The U.S. trade deficit surged to a larger-than-expected $40.18 billion in December, biggest trade gap in 12 months. The wider deficit reflected a rebounding economy that is pushing up demand for imports. The Commerce Department said the December deficit was 10.4% higher than November’s. In December, exports of goods and services rose for an eighth month, climbing 3.3% to $142.70 billion, reflecting strong gains in sales of commercial aircraft, industrial machinery and U.S.-made autos and auto parts. Imports were up 4.8% to $182.88 billion, led by a 14.8% surge in oil imports, which rose to the highest level since October 2008. For all 2009, the deficit totaled $380.66 billion, smallest trade gap in eight years, as the deep recession cut into imports.

  • Debt-induced pressures on the dollar continue to ramp up; the smallest trade gap in eight years was still a staggering $380 billion

Economic News

Serious delinquencies on prime jumbo mortgages rose again last month, nearing 10% the 32nd straight monthly increase. Jumbo mortgages are loans larger than Fannie Mae or Freddie Mac can finance. “Serious delinquencies” are payments at least 60 days late.

Employers are getting hit with a massive tax hike at a time when they can least afford it. Companies in at least 35 states will have to fork over more in unemployment insurance taxes this year. The median increase will be 27.5%. And employers in places such as Hawaii and Florida could see levies skyrocket more than ten-fold. The states are scrambling to restore their unemployment insurance trust funds, which cover claims.

Now that air travelers are warming to the idea of paying extra for service amenities, American Airlines is going to ask them to pay to stay warm in the air. Beginning May 1, coach passengers on American’s domestic flights that last more than two hours, as well as those on flights to Hawaii, Canada, Mexico, the Caribbean and Central America, will have to pay $8 for a blanket and inflatable neck pillow.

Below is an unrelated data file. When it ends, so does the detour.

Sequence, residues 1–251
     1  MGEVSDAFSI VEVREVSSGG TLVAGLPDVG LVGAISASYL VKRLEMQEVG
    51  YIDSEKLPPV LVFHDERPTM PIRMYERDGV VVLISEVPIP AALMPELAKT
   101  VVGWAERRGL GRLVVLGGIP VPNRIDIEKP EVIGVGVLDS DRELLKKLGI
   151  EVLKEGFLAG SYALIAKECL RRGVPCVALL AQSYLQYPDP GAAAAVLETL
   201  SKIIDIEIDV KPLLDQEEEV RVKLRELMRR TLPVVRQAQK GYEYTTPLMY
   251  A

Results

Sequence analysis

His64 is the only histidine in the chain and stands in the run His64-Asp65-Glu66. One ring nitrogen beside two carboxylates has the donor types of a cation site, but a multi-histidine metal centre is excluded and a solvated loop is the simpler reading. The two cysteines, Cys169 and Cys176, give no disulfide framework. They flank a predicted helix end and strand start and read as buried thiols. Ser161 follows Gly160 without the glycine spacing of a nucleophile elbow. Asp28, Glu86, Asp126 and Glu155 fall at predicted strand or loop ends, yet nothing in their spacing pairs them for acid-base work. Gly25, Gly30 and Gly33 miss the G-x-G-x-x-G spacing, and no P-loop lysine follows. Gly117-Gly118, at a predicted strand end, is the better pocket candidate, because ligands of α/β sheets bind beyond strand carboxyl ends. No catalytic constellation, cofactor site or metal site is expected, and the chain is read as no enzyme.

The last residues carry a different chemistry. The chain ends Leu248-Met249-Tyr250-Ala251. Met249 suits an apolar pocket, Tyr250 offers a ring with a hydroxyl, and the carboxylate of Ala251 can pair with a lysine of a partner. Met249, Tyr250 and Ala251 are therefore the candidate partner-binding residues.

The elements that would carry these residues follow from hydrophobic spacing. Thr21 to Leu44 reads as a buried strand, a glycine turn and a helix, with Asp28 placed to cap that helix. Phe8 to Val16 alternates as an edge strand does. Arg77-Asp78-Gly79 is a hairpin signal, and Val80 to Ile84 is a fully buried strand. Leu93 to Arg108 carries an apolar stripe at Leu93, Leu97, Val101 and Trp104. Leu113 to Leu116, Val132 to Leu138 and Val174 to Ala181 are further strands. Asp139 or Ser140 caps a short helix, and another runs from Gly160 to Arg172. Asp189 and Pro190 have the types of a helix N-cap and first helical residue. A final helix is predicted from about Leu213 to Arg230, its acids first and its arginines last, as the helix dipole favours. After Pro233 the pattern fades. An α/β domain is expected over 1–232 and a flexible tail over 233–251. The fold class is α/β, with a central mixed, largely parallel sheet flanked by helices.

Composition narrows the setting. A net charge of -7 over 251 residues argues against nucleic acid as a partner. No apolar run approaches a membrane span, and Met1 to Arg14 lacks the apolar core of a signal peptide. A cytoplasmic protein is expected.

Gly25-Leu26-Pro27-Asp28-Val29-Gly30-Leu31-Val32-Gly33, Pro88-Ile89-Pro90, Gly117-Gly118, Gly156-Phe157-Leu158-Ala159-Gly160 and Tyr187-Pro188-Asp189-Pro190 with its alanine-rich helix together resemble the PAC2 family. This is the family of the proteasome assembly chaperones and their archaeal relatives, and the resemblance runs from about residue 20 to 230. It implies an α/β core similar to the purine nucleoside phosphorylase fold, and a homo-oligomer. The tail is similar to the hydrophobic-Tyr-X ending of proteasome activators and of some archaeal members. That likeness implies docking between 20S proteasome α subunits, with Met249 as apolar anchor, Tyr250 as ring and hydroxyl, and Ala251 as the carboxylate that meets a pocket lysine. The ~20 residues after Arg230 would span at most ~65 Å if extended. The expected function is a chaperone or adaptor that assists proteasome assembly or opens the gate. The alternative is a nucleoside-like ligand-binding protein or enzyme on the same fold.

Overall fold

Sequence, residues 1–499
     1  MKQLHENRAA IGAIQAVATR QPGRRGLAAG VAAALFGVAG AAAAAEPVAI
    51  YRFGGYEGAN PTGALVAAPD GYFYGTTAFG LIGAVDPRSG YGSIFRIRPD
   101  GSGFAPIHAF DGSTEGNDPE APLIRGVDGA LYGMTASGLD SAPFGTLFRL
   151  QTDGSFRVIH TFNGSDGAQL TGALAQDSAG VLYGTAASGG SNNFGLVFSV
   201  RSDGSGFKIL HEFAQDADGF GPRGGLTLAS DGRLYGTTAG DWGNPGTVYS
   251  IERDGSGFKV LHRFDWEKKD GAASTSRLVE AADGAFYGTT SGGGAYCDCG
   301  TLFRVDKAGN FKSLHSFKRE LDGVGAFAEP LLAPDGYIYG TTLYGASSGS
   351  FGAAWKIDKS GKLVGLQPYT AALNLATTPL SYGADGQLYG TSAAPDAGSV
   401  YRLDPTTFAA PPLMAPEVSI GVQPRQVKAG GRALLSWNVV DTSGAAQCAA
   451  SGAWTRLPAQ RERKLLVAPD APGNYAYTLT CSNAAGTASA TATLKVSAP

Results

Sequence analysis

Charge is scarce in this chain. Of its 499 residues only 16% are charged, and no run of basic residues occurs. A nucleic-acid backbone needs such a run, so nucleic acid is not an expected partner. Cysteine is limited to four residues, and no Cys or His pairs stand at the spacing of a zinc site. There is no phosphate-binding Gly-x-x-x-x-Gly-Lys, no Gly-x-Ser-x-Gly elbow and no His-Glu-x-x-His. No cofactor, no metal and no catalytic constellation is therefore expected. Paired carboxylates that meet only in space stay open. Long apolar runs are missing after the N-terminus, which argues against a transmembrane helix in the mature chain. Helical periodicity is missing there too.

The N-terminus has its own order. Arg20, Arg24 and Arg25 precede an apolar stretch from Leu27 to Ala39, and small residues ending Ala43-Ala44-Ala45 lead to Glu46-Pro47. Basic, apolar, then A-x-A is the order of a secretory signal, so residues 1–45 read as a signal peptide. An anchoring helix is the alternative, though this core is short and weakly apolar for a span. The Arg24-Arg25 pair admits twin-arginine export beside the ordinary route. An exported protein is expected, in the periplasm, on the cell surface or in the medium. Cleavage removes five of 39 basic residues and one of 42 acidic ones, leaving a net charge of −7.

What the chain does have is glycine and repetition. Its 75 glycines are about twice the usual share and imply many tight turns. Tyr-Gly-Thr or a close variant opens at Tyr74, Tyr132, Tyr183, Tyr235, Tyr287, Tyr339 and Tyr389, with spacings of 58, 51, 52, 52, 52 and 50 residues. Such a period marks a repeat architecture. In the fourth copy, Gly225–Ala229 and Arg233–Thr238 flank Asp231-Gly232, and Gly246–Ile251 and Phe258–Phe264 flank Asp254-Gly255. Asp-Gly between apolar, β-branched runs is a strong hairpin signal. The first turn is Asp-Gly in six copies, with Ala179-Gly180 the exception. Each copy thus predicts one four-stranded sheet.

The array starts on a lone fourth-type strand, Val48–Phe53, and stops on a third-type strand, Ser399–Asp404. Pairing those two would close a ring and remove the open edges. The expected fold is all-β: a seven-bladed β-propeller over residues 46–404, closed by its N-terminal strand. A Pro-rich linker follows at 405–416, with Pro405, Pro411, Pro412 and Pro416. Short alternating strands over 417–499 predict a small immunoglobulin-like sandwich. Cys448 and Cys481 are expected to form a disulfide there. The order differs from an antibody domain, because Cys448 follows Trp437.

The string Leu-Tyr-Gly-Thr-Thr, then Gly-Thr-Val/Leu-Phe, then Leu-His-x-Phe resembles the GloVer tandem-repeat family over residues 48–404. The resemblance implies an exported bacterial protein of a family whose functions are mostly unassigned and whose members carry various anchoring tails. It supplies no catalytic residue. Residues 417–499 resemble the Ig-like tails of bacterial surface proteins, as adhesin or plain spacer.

State Farm, the nation’s largest auto insurer, says it alerted federal safety regulators in late 2007 about a rise in reports of unexpected acceleration in Toyota vehicles. Congressional investigators are looking into whether the government missed warning signs of problems with Toyota vehicles. The Japanese automaker has recalled millions of vehicles. Honda is adding 437,000 vehicles to a 15-month-old global recall for faulty air bags in the latest quality problem to hit a Japanese automaker.

Germany‘s multi-year reign as the world’s No. 1 exporter is officially over, with the crown formally passing to rising Asian power China after new figures showed that German exports slid by nearly a fifth in 2009, the biggest decline in 60 years. China’s runaway economy has shown growth and resilience amid the worldwide financial crisis.


A civil servants’ strike grounded flights and shut down public services across Greece on Wednesday, as labor unions mounted their first major challenge to austerity measures in the debt-plagued country. Air traffic controllers, customs and tax officials, hospital doctors and schoolteachers walked off the job for 24 hours to protest sweeping government spending cuts that will freeze salaries and new hiring, cut bonuses and stipends and increase the average retirement age by two years. Greece has come under intense pressure from its European Union partners to slash spending after it revealed a massive and previously undeclared budget shortfall last year that continues to rattle financial markets and the euro, the currency shared by 16 EU members. Wealthy European nations were moving closer toward swallowing a bitter pill Tuesday: rescuing Greece from its overspending before its debts drag down the euro and global markets.